Emberiza shoeniclus - spring

Common Reed Bunting / Sävsparv


Because of the resticted pre-breeding moult (involves primarily the head), autumn criterias are still applicable, though 2cy are more affected to wear during the winter than adult. In 2cy, moult contrasts are often present in RR, alula and tertials, but are not always easy to detect. Adult birds show a uniform and freshly moulted plumage (and any newly grown RR is likely due to replacement after accidental loss, and not regular moult). The general condition and shape of RR and PC are often helpful.
  • Juvenile RR are generally of less good quality, more worn, narrow and more pointed. Many young birds (c. 48% according to Jenni & Winkler [1994]) included one or several (sometimes even all) RR in the post-juvenile moult, resulting in a contrast in many individuals.
  • The juvenile PC usually shows a looser texture and more worn tips and edges compared to adult birds. Further, they usually show a slightly paler brown centre and have less tendency to show greyish tips than adult ones, but individual variation should be kept in mind.
  • Many birds show a moult contrast in alula, with inner one (or two) being rather fresh, dark glossy and with neat brown edges in relatively good condition (like the CC), in contrast to juvenile outer one (or two) which is more worn brownish.
  • 0-3 tertials (most commonly two) are included in the moult, and many birds show a moult contrast where the post-juvenile feathers are in better condition and show a darker centre than the remaining juvenile ones. Note, however, that the longest tertial is often (within the same feather generation) slightly paler than the inner two, and assessment of wear is therefor important before concluding a moult contrast. 
  • More or less all individuals moulted all ten GC, and these feathers seldom contain any vital information for the ageing (and the contrast to the PC is very hard to see). However, exceptions may occur, and glance at the outer GC is always advicable.

  • Whole plumage uniform and (relatively) fresh, lacking moult contrasts. But remember that a) singel RR may have been lost and replaced, creating a contrast, and b) the slightly paler longest tertial may create a false impression of a contrast.
  • Adult RR are generally in better condition, slightly broader with more blunt shaped tips. But remember that a few 1cy bird include the whole tail in the post-juvenile moult, making it useless for ageing.
  • PC are in better condition, more dense and often with greyish tips.
2cy (male) May. Juvenile RR are generally more worn, show more pointed tips and are, on average, slightly narrower than in adult. Note that many 2cy birds (though not this one) show one or more post-juvenile RR, being more fresh, slightly broader and with blunter tip (see photo in autumn page). Occasionally, all RR may be moulted. [1ET28087]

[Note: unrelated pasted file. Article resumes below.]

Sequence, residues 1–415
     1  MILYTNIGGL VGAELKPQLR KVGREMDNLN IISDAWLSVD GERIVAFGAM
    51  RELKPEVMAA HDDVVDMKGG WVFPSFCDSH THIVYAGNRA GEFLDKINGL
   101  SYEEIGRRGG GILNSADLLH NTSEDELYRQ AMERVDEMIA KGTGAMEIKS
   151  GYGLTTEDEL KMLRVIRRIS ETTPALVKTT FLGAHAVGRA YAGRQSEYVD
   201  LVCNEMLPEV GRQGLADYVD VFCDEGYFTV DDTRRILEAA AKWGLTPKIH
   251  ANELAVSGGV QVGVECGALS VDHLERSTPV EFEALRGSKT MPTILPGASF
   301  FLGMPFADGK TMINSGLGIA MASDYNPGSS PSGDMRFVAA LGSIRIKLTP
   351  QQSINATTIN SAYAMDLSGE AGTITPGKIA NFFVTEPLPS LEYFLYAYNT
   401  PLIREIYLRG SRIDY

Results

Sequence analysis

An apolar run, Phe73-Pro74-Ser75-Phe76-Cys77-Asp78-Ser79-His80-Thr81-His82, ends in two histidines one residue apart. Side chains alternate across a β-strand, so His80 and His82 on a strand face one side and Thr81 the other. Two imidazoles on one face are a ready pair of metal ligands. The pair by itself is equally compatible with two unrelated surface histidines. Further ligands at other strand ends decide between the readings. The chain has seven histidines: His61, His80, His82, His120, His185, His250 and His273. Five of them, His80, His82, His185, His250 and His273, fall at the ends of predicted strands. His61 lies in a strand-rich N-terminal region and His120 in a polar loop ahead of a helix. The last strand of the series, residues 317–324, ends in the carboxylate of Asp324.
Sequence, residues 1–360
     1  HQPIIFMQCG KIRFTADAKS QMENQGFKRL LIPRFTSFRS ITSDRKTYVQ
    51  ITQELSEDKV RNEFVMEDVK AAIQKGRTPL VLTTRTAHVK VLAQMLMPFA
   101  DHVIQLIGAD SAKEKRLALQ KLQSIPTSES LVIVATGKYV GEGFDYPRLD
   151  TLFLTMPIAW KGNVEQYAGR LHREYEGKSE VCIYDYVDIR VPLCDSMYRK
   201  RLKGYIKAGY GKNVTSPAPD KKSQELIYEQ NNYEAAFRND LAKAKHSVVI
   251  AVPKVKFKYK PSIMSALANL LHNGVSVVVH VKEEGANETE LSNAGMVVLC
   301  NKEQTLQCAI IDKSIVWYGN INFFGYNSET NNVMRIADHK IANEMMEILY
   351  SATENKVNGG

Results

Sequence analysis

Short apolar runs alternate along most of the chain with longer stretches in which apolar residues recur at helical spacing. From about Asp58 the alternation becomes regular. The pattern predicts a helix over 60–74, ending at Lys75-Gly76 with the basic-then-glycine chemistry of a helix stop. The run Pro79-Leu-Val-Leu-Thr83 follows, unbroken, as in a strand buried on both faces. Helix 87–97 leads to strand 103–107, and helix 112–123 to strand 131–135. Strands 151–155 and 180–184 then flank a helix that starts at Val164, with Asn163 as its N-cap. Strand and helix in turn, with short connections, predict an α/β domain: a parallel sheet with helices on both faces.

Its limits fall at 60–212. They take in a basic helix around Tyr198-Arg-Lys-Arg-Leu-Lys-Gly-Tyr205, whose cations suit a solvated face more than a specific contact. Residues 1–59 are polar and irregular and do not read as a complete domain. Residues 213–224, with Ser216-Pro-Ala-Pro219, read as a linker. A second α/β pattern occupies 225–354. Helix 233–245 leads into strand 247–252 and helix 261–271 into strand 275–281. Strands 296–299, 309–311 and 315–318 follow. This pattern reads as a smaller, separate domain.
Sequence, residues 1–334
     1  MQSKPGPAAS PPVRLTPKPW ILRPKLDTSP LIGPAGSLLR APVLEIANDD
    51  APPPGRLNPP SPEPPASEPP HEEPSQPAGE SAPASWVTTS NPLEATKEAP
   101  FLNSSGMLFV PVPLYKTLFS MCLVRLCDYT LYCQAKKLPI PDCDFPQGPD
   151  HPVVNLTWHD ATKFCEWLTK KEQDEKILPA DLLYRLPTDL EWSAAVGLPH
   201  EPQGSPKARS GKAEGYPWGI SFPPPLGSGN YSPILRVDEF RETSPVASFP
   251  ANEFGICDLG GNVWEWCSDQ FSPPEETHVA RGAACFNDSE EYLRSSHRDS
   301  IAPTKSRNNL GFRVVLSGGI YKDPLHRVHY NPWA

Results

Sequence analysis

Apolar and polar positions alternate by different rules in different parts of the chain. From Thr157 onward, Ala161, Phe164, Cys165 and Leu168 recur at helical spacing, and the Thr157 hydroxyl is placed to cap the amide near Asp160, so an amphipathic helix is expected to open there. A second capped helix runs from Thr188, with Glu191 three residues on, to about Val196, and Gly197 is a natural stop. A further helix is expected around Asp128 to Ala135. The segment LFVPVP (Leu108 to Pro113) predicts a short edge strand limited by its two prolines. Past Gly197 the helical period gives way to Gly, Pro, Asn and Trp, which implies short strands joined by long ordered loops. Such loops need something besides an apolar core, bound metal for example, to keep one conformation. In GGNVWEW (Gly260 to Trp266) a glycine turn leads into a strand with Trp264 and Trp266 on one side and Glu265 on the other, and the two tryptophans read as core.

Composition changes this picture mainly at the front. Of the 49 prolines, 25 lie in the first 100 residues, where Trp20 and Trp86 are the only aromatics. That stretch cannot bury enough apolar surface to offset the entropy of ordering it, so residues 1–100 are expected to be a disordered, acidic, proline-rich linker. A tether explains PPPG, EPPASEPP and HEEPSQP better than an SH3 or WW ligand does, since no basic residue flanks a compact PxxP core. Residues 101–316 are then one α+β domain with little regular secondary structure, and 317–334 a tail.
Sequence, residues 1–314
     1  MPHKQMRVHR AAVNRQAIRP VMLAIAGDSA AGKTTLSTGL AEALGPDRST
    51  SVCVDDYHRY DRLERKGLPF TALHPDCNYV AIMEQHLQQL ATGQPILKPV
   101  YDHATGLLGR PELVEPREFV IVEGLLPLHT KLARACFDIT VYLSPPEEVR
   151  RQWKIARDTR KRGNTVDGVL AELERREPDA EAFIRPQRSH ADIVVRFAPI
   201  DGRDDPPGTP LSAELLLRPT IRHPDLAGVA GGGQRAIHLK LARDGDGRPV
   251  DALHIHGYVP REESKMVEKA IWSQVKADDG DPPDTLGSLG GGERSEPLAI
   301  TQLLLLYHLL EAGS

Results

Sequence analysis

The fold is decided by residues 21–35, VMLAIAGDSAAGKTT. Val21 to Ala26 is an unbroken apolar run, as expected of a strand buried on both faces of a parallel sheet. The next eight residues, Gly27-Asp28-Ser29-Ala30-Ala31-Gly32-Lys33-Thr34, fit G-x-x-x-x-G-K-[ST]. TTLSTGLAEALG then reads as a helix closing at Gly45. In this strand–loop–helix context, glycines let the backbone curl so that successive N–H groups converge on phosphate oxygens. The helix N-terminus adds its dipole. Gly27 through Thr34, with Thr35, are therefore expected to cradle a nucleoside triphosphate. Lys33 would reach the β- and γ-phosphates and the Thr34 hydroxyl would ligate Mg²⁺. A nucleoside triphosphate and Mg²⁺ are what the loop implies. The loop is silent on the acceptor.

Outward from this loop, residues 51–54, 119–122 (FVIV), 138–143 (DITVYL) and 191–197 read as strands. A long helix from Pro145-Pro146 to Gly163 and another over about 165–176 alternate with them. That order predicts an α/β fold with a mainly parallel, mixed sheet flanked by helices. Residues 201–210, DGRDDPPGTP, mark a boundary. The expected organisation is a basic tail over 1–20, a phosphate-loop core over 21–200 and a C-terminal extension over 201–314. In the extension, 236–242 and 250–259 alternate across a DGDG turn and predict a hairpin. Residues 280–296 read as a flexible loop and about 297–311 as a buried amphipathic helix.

2cy (female) April. showing variation of juvenile tail. [1ET29456]
3cy+ (male) April. Adult RR are generally in better condition (though rather worn here), slightly broader with more blunt shaped tips. Remember that a few 1cy bird include the whole tail in the post-juvenile moult, then making it useless for ageing. [1ET29464]
3cy+ (female) May, showing variation of post-breeding tail. [1ES24573]
2cy (male) May.  The juvenile PC shows a looser texture and slightly more worn tips and edges compared to adult birds. Note that this individual also show a moult contrast in alula where the innermost is moulted post-juvenile and fresh in contrast to the outer two feathers which are both juvenile (the central one is slightly worn with brownish centre and less neat brown edges - compare with the birds below). [1ET28087]
2cy (female) April. showing variation in the juvenile PC. Also this bird shows a post-juvenile innermost alula in contrast to the two more worn outer juvenile feathers. [1ET29456]
3cy+ (male) April. Adult PC are in better condition, more dense and often show fine greyish tips. Note also the appearance of non-juvenile alula feathers - fresh, glossy dark and with neat brown edges. [1ET29464]
3cy+ (female) May, showing variation in adult PC and alula. [1ET29516]
2cy (male) March. Assessing worn tertials is often difficult. Quite many 2cy (probably including this individual) show uniformly post-juvenile tertials, unseparable from the subsequent adult generations. [1ET29395]
2cy (female) April. Again, it is difficult to say for certain, but it seems likely that this bird shows a moult contrast where the innermost tertial is moulted post-juvenile, while the outer two are unmoulted juvenile. Note the slight difference in wear as well as in the colour and gloss of the centre, were the innermost tertial is blackish and the central one is brownish-black (and remember that the outermost tertial often is paler brown than the other two, regardless of which generation is present). [1ET29446]
3cy+ (male) April, showing uniform post-breeding tertials.  [1ET29464]
3cy+ (female) May, showing variation in pattern and wear in post-breeding tertials. [1ES24573]
2cy (male) March. Since practically all 1cy (like this one) include all ten GC in the post-juvenile moult, GC are seldom of any use for ageing. But exceptions should be expected, and single juvenile outer GC may eventually give further aid in the ageing process.  [1ET29395]
3cy+ (female) May, showing a uniform post-breeding wing. [1ES24573]
More Emberiza scheniclus:
Sexing spring
Ageing autumn
Sexing autumn
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